I know that my pets listen and understand. Animals can’t get the words out, just as I can’t get the words out. So people ignore or misunderstand or hurt them, the same way people ignore or misunderstand or hurt me. I make a promise to my pets. I promise that if I can ever find my voice, I will be their voice and keep them from harm.
A young Rabinowitz makes the same pledge to a lonely jaguar at the Bronx Zoo. As a young adult, he finally learns to control his stutter, “but nothing has changed on the inside. I still feel broken.” Only when he begins to study animals in the wild, like black bears in the Smokies and jaguars in Belize, does Rabinowitz find happiness. He’s inspired to protect the jaguars from hunters, even when it means pleading their case in front of government officials. Later he encounters the largest male jaguar he’s ever come across in the forest, one that approaches him peacefully. In a few emotionally resonant lines, the undeniable power of both the animal and human spirit becomes evident. This is a picture book biography that every child should read, not just to learn about the difficulty of being “different,” but also because the message is encapsulated in a beautiful, well-written story. In addition, A Boy and A Jaguar will speak to kids who struggle in any way, giving them hope for understanding.
Winnie: The True Story of the Bear Who Inspired Winnie-the-Pooh by Sally M. Walker and Jonathan D. Voss (ages 7-10)
I knew that the real Christopher Robin was author A. A. Milne’s son, and that the beloved Winnie-the-Pooh was named for Christopher Robin’s stuffed teddy bear. But until I read this children’s book, I had no idea that the stuffed bear was the namesake of a live black bear who lived in the London Zoo from 1914-1934. I also learned that Winnie’s stint in the zoo is not the beginning of the story, for he first belonged to Harry Colebourn, a young Canadian soldier enlisted in the veterinary corps during World War I. Winnie traveled with the corp to its training camp in England and became a beloved mascot to the soldiers, as well as a close friend to his caretaker Harry. Children will fall in love with the real Winnie’s endearing personality, and be intrigued by the special relationship between the bear and Harry. The book is enhanced by photographs on the endpapers of Winnie, Harry, Christopher Robin, and A. A. Milne, which help make Winnie’s story more real for children. An author’s note with a bibliography means Winnie can be used both as an enjoyable story and for kids doing research.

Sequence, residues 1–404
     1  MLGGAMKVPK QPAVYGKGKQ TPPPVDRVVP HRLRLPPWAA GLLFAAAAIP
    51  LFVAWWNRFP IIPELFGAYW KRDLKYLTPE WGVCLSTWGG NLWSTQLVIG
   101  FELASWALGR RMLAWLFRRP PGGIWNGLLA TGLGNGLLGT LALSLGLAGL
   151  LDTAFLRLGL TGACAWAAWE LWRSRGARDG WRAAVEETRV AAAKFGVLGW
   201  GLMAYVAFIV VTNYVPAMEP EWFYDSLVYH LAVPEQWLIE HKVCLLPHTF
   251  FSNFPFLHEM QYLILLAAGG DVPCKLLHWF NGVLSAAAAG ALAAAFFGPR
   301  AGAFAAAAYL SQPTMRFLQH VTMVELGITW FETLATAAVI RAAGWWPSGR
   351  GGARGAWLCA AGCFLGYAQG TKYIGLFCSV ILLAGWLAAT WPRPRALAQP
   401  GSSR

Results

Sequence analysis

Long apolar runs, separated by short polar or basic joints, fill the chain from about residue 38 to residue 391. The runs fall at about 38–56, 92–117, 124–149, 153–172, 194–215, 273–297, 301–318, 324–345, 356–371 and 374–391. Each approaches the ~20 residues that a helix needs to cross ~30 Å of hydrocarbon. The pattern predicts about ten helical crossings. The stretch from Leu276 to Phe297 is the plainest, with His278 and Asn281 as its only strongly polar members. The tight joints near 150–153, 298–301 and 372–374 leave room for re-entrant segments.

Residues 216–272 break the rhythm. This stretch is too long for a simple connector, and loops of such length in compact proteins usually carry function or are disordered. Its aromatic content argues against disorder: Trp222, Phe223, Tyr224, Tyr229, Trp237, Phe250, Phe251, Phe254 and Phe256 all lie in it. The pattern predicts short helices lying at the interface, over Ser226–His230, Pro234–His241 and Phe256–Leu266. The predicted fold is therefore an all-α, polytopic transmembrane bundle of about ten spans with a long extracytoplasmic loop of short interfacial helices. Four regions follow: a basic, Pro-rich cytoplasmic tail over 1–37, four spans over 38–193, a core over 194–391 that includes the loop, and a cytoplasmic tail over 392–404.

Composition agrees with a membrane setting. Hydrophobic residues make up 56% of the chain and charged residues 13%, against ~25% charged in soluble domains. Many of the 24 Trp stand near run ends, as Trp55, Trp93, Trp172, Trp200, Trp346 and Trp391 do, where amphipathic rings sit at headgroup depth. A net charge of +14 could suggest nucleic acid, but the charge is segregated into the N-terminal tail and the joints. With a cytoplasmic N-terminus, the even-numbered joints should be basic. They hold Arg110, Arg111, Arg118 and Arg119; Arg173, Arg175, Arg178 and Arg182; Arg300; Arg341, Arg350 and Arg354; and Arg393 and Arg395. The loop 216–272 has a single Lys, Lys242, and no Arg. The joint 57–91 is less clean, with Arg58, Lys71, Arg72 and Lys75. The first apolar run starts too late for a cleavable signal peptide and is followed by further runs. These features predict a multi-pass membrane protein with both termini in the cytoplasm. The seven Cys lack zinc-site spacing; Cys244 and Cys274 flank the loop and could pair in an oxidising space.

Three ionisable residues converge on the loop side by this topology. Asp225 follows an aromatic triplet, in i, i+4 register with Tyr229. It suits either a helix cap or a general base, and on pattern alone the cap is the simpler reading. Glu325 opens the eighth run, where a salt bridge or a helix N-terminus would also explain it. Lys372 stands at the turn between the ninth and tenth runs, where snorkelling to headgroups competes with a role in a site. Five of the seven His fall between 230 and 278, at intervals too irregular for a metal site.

Dream Drum Girl: How One Girl’s Courage Changed Music by Margarita Engle and Rafael López (ages 5-9)
This picture book was inspired by the life of Millo Castro Zaldarriaga, a young girl of Chinese-African-Cuban descent, who grew up in 1930s Havana. Modern-day children will find a role model in the story of the Drum Dream Girl, who defies her culture (“only boys should play the drums”) to become a jazz drummer. They’ll also be quickly carried away by the bright, rhythmic poetry of Engle’s prose, which will remind them of — what else — a percussion beat. Such powerful poetry also makes Drum Dream Girl a perfect read-aloud:
When she walked under
wind-wavy palm trees
in a flower-bright park
she heard the whir of parrot wings
the clack of woodpecker beaks
the dancing tap
of her own footsteps
and the comforting pat
of her own
López’s vibrant illustrations, made using acrylic paint on wood board, are unbelievably beautiful, and bring Cuban culture to life with a warm, tropical, spicy palette of colors and a folk-art feel. Take a look at a page spread:
I can’t decide which is my favorite part of Drum Dream Girl — its artwork or its poetry. That tells me that I’ve encountered a remarkable picture book, in which art and prose meld seamlessly into perfection. No wonder Drum Dream Girl has earned rave reviews from more than one children’s book review journal! This is a wonderful book to encourage kids to pursue their dreams, no matter the obstacle.